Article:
Originally Posted by tanscrazydaisy
Adding in these days, (and continue the discussion with stability control), the stability control can do a better job then no-braking, as it can selective brake a wheel (even better if the ABS system is 4-channel), to correct a skid.
Skidding is from having a traction differential, front to rear, side to side. You can drive in a straight line, and start to skid without even touching the brakes in the snow.
ABS computers can react faster than our brain and foot, so during the fraction of the second it's not braking, you have your traction you NEED to turn.
This gets back to tire designs integrating with electronic systems. A really good tire should gain traction as it slips by packing snow in the right way, even just small amounts on icy surfaces. If you have that type of tire, ABS actually defeats the traction of the tire.
When a tire is designed to work with ABS, getting back to breakaway threshold, once it goes the ABS system is now attempting to address traction that is not being quickly regained. This is why I won't run studless can winter tires. Too many breakaway failures, ABS happily pumping away.
I know you've seen me post this before that I took last year, comparing a 2007 Nissan Quest with studded winter tires and 1995 Land Cruiser. It is slick - the Quest could barely get back up this hill (I won't post that vid again). First is the Quest, and you can tell when ABS engages (it slips immediately). Second is the Cruiser, and definitely obvious when ABS engages, but admittedly that is also a not so tight recirculating ball steering system.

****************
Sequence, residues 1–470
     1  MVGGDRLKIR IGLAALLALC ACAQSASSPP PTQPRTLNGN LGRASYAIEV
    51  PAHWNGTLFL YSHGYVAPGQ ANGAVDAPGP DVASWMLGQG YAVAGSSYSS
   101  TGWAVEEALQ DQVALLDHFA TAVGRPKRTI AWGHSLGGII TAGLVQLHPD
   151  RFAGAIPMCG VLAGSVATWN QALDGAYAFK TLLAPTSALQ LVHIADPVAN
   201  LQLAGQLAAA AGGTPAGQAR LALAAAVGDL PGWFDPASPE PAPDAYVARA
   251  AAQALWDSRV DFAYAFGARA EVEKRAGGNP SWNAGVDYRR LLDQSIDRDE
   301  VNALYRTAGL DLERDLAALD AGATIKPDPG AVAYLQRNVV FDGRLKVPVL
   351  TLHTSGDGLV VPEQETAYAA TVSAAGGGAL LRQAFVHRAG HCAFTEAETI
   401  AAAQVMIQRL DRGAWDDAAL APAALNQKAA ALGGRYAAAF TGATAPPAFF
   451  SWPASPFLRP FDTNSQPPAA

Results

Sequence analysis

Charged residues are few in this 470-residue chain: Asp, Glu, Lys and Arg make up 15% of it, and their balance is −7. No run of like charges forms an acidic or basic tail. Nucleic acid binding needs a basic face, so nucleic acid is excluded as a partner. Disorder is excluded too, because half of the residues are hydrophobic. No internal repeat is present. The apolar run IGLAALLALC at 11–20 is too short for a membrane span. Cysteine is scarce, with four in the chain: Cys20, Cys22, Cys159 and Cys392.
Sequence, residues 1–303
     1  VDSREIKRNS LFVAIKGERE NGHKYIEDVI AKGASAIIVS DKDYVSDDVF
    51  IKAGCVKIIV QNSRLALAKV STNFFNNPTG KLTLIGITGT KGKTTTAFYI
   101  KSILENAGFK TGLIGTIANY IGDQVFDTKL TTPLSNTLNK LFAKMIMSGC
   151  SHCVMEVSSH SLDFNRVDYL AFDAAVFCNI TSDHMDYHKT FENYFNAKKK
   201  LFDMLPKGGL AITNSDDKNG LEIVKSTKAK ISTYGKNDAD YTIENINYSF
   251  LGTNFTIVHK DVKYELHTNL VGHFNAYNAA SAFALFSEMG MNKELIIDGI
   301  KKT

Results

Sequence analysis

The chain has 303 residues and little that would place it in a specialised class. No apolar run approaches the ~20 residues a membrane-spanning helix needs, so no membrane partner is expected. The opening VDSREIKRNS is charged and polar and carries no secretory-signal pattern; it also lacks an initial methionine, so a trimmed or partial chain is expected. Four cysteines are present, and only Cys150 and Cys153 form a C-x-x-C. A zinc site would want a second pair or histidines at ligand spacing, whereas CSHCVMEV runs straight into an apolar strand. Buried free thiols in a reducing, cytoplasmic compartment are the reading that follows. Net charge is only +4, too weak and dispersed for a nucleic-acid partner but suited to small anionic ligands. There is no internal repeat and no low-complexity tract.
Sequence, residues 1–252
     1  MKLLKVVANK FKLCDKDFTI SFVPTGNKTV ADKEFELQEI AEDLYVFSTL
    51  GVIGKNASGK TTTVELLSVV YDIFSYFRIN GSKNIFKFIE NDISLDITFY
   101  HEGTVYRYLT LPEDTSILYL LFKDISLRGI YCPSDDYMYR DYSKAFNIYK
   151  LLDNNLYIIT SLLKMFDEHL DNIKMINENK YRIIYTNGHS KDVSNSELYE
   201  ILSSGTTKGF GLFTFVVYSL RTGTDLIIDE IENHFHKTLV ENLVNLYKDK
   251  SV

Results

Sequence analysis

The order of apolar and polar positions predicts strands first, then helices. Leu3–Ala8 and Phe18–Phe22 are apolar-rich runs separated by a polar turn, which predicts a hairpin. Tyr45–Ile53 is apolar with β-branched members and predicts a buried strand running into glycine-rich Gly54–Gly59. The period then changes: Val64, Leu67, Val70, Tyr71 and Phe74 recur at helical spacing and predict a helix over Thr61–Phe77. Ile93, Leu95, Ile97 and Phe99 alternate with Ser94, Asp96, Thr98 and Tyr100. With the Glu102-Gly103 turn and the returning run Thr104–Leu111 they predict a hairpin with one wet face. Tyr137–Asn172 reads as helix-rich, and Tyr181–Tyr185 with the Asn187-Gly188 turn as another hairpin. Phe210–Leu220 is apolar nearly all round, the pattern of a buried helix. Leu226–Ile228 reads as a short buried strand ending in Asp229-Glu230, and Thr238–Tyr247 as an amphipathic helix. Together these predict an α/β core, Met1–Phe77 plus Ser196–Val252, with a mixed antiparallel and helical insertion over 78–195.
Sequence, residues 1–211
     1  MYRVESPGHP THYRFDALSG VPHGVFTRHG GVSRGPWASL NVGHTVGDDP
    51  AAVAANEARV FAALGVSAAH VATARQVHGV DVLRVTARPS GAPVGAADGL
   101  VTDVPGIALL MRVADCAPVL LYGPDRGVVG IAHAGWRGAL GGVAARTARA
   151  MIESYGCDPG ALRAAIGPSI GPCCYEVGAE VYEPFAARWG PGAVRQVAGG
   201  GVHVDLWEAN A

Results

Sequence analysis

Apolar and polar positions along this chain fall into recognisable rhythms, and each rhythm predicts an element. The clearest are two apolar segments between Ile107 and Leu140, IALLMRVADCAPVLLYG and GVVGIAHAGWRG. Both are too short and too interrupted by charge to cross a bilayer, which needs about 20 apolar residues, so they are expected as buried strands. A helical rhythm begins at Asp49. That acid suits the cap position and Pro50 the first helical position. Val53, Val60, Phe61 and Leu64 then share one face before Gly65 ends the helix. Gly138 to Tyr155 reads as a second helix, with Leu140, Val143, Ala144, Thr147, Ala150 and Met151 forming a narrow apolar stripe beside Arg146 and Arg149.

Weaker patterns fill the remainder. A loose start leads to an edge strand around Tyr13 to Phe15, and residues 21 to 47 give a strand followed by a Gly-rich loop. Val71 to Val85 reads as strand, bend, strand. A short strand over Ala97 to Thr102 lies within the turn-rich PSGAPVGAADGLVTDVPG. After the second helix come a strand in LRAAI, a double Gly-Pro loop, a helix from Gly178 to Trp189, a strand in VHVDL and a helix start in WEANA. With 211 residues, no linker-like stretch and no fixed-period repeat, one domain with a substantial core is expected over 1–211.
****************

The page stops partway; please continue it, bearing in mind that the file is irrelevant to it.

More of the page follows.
After that it is all Cruiser, ABS off, mashing the throttle and the brakes. Look at the tire track as I back up at the very end. The tire has consolidated a little bit of powder on top of the ice, and what happens from the driver's perspective is the slide slows, and them comes to a quick reassuring thunk once the tire pulls in enough of that powder surface. The winter tires never do that. The studs create about an equal level of bite, but without them all of the studless winter tires I have used will more or less keep on going until friction, gradient, or grippier conditions prevail.
You can steer in a controlled slide with a little bit of throttle input when the vehicle is actually coming to a stop. I get that this is too much of an ask for how we train drivers, but I don't think last drivers will steer around an accelerating ABS engagement, either. So it is either a tire designed for traction in the absence of electronic controls or studs for me, because those are the only two things that overcome threshold breakaway problems in modern systems.